The Comfort (Food) of Home
Words by Nick Baines Photographs by James Bowden
Smack in the center of London’s most chaotic area—where vibrant Chinatown and seedy Soho merge—those seeking comfort in the form of Japanese staples find whatever their hearts desire at the Arigato Japanese Supermarket.
Arigato sits neatly underneath an office block on London’s Brewer Street, just a few hundred yards from Piccadilly Circus. The small Japanese supermarket has assumed its place here in Soho, somewhere between the extravagance of theaterland and the raucous, often seedy, seam of the city.
It was a notoriously wet day in London when James and I chose to camp outside the shop, with the sky an oyster gray that cracked sporadically, raining, forcing us to duck into the pub across the street where we sought shelter and a restorative pint. Looking out of that tear-spattered pub window, we watched hurried office workers dash in and out of the unassuming shop doorway, their cargo hidden inside nondescript white carrier bags.
Arigato has long been my go-to place for Japanese ingredients, but on that day I discovered that the shop sells many different things to an incredibly diverse range of people. Beyond the myriad of misos, sake and seaweeds, Arigato offers comfort. For a girl recently migrated from Chiba Prefecture, it comes inside a plastic pot of her favorite brand of instant ramen. For a salesman from the south coast of England, it is a warming meal from the hot-food counter, eaten hungrily at one of the small tables in the corner.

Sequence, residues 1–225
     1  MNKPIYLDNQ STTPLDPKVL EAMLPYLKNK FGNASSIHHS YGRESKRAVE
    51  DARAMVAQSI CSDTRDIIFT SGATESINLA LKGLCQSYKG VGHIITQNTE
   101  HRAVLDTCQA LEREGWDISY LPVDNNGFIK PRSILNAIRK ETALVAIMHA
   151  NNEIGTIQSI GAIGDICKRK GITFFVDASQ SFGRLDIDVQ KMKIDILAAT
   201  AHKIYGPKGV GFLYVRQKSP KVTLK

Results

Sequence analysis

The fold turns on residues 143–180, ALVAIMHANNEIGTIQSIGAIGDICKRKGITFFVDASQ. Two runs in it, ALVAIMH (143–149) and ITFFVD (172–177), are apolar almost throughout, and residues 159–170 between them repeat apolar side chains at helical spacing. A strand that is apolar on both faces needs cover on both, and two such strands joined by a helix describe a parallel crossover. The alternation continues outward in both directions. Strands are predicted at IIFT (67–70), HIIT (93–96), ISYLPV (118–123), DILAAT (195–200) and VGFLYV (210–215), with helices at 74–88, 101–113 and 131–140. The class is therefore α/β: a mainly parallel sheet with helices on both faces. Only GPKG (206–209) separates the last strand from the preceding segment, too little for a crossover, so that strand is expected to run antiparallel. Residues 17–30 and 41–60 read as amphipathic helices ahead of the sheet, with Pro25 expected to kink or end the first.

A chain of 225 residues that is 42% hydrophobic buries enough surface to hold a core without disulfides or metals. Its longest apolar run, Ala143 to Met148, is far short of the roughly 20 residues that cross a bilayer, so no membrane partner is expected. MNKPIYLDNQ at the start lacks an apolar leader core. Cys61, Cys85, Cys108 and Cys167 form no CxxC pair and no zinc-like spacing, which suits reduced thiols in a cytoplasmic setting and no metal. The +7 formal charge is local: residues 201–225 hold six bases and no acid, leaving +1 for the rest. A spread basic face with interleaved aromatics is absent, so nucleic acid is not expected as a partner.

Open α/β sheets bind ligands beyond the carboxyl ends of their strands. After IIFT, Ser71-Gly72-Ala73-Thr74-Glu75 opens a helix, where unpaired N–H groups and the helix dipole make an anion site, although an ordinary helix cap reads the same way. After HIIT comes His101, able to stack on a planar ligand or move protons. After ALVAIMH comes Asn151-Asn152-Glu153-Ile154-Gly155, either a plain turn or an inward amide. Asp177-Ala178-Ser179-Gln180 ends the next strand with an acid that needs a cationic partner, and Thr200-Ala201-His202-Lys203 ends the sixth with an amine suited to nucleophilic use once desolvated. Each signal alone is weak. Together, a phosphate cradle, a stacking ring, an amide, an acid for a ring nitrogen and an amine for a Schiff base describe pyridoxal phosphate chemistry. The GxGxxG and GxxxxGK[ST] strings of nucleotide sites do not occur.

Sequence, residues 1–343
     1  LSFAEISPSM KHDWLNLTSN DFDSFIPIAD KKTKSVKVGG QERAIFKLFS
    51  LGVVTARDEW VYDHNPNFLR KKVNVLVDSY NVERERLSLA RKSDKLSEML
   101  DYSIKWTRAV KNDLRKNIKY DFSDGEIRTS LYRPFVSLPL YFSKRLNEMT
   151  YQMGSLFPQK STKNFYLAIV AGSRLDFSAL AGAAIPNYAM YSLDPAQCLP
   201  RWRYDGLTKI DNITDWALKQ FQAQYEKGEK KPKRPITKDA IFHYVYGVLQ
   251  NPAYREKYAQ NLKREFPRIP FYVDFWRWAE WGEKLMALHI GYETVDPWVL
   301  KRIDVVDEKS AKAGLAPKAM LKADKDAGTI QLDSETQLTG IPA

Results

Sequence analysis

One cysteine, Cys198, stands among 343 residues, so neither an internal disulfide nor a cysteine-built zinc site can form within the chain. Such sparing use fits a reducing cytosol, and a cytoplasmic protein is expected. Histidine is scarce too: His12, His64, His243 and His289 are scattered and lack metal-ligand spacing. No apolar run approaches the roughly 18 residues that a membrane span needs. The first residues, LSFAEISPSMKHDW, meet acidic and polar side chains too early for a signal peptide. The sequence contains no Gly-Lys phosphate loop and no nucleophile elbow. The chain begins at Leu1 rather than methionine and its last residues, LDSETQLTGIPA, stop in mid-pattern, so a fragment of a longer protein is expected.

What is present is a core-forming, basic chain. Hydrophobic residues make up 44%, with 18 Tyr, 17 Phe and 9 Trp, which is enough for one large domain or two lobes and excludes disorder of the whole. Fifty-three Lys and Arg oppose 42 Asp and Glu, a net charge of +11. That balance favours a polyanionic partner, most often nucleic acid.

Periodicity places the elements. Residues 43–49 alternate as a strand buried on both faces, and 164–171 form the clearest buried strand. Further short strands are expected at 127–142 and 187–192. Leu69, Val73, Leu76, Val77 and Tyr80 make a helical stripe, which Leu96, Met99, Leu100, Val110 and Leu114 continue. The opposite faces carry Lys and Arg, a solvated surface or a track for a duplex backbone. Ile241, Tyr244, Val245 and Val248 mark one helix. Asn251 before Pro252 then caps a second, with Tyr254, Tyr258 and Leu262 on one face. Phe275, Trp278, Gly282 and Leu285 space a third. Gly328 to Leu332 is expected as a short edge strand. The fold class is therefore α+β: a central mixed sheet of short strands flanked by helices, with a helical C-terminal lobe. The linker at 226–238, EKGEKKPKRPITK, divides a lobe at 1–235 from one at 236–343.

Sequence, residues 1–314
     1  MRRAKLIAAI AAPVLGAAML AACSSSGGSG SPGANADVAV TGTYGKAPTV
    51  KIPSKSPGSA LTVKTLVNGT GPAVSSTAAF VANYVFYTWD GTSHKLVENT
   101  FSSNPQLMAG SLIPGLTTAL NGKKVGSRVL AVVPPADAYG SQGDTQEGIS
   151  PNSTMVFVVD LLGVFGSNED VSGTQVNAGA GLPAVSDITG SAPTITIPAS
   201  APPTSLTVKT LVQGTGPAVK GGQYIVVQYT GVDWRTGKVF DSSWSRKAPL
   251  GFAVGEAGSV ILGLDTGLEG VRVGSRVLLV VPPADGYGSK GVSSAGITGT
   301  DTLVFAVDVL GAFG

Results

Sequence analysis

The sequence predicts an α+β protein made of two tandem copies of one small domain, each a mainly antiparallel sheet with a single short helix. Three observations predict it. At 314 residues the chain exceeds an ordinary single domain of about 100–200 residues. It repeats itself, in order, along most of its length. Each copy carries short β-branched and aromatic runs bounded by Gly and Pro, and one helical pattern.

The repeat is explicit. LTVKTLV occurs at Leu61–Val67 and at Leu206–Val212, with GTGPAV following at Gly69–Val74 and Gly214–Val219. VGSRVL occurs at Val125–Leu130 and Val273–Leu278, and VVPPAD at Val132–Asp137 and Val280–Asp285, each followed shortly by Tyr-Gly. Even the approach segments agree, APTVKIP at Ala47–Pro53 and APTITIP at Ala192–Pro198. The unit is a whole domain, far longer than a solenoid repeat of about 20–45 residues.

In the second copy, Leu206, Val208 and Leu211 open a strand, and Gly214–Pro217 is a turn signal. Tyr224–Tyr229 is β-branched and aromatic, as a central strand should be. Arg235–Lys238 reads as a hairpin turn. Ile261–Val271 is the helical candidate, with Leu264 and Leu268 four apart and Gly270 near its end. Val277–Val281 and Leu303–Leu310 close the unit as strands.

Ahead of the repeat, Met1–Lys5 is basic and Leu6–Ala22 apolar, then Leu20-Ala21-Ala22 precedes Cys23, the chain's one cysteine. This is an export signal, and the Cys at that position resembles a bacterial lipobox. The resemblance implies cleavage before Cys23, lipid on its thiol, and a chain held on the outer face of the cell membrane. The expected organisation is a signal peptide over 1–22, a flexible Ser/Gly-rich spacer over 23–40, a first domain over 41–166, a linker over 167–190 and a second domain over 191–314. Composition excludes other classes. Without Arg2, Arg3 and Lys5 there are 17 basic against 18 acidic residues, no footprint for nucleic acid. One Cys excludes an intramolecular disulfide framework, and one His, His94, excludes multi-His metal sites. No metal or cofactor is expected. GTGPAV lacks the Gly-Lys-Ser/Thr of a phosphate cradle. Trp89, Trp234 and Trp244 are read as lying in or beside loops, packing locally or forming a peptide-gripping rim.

The word “healthy” came up time and again when we spoke to shoppers outside Arigato. Beyond the recipes being followed and the ingredients being procured for experimentation, it became clear that the reasons Arigato’s customers were shopping for their Japanese food products were as contrasting as the customers themselves.
Nick Tingle, 24, is studying for a PhD in music. His girlfriend is from Hong Kong and, following a recent trip to see her parents, Nick became enamored with Asian cuisine. He was shopping for a sushi kit and soba noodles.
While in the city on business, aviation marketing executive John White, 56, bought ingredients for his Korean wife back home in Cheltenham.
Yumiko Ishii moved to London in 1973 from her home in Tokyo. The 61-year-old shiatsu practitioner regularly shops at Arigato for misco, Bull-Dog sauce and nattō.
Chris Boateng is a 28-year-old stylist from southwest London. He had no specific recipe in mind, but wanted to experiment in the kitchen with wasabi power and seaweed.
Stephen Markeson, 69, is a retired photojournalist for The Times. “I like to eat healthy, and so I eat a lot of Japanese food,” says Stephen. He dropped by for miso soup and wasabi peas.
Miya Kao moved to London five years ago from Taiwan. The 25-year-old sales consultant grabbed shabu-shabu ingredients to cook a meal for visiting friends.
Leandro Farina and Natalie Stopford
Photographer Leandro Farina, 33, and partner Natalie Stopford, a 35-year-old visual-effects producer, visit Arigato regularly to buy ingredients. They stopped in for a lunch of katsudon and sushi.